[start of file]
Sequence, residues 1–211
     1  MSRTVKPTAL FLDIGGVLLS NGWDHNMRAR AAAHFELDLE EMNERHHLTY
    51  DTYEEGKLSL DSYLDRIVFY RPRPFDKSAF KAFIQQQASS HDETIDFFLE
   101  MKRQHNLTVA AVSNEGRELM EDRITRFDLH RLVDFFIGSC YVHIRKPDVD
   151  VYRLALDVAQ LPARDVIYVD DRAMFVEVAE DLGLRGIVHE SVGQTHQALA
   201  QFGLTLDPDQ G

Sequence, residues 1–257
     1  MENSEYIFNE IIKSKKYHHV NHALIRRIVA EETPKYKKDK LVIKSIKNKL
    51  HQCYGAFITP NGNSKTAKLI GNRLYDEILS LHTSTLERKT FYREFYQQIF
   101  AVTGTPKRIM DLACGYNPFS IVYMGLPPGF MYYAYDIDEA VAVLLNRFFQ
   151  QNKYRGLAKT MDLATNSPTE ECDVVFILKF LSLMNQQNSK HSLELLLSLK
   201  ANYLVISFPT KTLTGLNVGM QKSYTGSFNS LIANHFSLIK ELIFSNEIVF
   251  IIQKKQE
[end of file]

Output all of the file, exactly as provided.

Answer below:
Sequence, residues 1–211
     1  MSRTVKPTAL FLDIGGVLLS NGWDHNMRAR AAAHFELDLE EMNERHHLTY
    51  DTYEEGKLSL DSYLDRIVFY RPRPFDKSAF KAFIQQQASS HDETIDFFLE
   101  MKRQHNLTVA AVSNEGRELM EDRITRFDLH RLVDFFIGSC YVHIRKPDVD
   151  VYRLALDVAQ LPARDVIYVD DRAMFVEVAE DLGLRGIVHE SVGQTHQALA
   201  QFGLTLDPDQ G

Sequence, residues 1–257
     1  MENSEYIFNE IIKSKKYHHV NHALIRRIVA EETPKYKKDK LVIKSIKNKL
    51  HQCYGAFITP NGNSKTAKLI GNRLYDEILS LHTSTLERKT FYREFYQQIF
   101  AVTGTPKRIM DLACGYNPFS IVYMGLPPGF MYYAYDIDEA VAVLLNRFFQ
   151  QNKYRGLAKT MDLATNSPTE ECDVVFILKF LSLMNQQNSK HSLELLLSLK
   201  ANYLVISFPT KTLTGLNVGM QKSYTGSFNS LIANHFSLIK ELIFSNEIVF
   251  IIQKKQE